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New laws for marketing AIFs in the EU: Who will they affect and how?

  • Europe
  • Financial services and markets regulation
  • Investment funds and asset management



On 2 August 2021, Directive 2019/1160 on cross-border distribution of collective investment undertakings (the “Directive”) and Regulation (EU) 2019/1156 on facilitating cross-border distribution of collective investment undertakings (the “Regulation”) will come into force in the EU.  The new rules regulate the pre-marketing of alternative investment funds (“AIFs”) including private equity, debt, infrastructure and hedge funds. While only EU alternative investment fund managers (“AIFMs”) are in scope, the new rules are likely to also have an impact on non-EU fund managers.  The rules will need to be considered before any fund launches in the EU and AIFMs who are active in the EU must familiarise themselves with the changes.

The EU Alternative Investment Fund Managers Directive (“AIFMD”) does not currently regulate pre-marketing.  An AIFM wishing to test investor appetite for a particular investment idea or investment strategy is, therefore, faced with divergent treatment of pre-marketing in different jurisdictions.

Across the EU, the position varies considerably.  Generally, there is little guidance, so a decision to pre-market is a risk-based judgment.  To address that divergence, the new rules provide a harmonised definition of pre-marketing and the conditions under which an AIFM can engage in pre-marketing.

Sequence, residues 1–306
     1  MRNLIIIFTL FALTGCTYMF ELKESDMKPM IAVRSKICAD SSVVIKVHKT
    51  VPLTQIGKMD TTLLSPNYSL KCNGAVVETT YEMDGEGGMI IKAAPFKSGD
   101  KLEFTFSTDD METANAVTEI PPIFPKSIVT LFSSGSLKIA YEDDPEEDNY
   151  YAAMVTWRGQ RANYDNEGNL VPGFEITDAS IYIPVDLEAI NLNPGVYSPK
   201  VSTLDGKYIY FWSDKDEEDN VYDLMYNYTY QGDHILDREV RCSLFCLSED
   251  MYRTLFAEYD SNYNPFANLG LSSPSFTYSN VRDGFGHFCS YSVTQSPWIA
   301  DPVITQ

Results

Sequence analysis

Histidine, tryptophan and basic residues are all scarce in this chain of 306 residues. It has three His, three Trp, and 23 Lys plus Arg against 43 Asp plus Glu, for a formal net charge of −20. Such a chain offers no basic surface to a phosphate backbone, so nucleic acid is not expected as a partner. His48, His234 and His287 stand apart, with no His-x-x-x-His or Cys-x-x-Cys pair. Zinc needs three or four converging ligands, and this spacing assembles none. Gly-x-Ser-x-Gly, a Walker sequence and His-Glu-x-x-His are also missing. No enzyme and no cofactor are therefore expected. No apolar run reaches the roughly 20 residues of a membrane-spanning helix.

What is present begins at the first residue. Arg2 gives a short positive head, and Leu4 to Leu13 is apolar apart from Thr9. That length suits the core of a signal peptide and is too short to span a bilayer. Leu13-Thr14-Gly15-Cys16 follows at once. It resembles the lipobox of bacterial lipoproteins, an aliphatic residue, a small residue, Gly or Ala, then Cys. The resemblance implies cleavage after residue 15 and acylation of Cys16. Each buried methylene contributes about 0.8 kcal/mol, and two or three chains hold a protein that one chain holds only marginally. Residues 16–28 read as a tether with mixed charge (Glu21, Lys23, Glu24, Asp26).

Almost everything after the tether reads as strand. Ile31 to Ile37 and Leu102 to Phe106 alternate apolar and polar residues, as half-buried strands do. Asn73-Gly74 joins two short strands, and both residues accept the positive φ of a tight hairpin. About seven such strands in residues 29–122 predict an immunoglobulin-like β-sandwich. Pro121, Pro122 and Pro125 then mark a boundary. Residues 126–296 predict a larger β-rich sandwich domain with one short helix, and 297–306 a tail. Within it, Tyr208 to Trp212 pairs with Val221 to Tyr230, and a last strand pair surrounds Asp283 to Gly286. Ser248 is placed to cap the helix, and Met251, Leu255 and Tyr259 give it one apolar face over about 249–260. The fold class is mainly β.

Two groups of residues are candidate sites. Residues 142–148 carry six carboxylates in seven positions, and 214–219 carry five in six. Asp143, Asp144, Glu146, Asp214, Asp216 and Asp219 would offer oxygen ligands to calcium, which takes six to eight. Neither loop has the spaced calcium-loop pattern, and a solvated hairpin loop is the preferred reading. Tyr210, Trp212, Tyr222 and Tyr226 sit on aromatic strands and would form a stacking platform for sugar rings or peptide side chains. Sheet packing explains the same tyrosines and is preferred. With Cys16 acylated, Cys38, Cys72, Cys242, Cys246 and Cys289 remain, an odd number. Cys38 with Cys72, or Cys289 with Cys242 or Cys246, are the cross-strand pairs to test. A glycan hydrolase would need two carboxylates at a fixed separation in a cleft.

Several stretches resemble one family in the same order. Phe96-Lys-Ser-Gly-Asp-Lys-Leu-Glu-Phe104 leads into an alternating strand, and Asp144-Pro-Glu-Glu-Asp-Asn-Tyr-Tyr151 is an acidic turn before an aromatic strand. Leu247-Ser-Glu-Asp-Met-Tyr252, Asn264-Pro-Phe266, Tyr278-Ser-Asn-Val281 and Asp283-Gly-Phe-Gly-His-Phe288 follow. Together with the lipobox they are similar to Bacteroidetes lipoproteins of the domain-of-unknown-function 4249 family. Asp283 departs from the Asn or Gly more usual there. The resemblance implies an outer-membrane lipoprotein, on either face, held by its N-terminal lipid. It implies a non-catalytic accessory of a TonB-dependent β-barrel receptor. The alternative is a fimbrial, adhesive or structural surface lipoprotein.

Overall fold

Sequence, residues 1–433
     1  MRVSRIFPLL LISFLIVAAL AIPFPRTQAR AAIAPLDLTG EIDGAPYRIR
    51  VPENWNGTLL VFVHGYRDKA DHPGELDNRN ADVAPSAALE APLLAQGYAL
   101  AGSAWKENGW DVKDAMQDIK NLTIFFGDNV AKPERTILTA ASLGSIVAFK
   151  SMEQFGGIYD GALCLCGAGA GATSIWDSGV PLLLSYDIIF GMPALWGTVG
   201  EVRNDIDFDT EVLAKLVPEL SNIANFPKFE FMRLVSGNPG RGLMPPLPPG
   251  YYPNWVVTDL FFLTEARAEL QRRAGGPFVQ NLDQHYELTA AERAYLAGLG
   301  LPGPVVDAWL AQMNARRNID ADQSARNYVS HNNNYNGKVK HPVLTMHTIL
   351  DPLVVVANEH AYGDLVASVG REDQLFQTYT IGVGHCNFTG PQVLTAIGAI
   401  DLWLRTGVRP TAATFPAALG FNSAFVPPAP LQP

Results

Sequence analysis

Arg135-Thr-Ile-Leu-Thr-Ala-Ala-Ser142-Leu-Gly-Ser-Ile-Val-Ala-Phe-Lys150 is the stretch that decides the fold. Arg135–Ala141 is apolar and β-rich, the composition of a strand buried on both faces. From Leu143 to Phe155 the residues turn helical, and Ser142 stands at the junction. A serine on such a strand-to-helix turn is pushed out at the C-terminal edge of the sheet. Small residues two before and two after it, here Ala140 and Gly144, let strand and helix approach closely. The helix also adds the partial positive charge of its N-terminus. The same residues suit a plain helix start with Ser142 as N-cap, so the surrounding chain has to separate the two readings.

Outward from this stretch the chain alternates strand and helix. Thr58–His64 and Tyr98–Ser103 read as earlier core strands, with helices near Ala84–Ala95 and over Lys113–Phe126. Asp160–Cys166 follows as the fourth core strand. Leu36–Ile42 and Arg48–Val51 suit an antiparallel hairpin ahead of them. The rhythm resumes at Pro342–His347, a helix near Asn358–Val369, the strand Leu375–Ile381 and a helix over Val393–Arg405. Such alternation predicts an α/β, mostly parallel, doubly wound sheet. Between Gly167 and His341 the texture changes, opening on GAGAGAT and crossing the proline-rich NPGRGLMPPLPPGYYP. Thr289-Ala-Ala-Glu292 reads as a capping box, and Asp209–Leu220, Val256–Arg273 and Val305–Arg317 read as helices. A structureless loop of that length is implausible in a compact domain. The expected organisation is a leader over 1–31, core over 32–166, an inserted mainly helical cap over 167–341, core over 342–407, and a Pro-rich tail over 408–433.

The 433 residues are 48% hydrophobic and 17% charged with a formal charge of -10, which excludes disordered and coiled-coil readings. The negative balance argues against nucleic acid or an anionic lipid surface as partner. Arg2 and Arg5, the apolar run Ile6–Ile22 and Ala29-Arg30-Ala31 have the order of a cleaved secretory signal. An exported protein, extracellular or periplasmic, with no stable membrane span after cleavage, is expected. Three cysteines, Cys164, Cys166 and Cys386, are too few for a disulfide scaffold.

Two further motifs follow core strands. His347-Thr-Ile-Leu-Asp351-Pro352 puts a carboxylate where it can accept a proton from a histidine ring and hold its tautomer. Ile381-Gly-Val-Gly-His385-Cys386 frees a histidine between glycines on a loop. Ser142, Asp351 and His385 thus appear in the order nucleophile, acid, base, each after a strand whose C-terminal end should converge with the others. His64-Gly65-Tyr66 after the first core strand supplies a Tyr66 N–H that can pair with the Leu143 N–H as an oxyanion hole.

While the proposed changes seek to clarify what pre-marketing is, as well as setting out uniform marketing requirements, it remains to be seen how this will interpreted by individual Member States. EU AIFMs may, to a certain degree, continue to face differing approaches by regulators at a local level. While harmonisation is a welcome approach, the new rules are in places quite limiting and impose an additional administrative burden on EU AIFMs. The new rules do not extend to the pre-marketing by non-EU AIFMs, however, there will still be an impact on them on the basis that Member States may not implement rules which in any way treat non-EU AIFMs more favourably than EU AIFMs. Therefore, the new rules may also apply to non-EU AIFMs, but individual Member States are left to determine their own position in that respect.

Please see our previous briefing on this topic “New EU laws for marketing AIFs and UCITS: One step forward, one step back? (March 2018)”.

New rules from 2 August 2021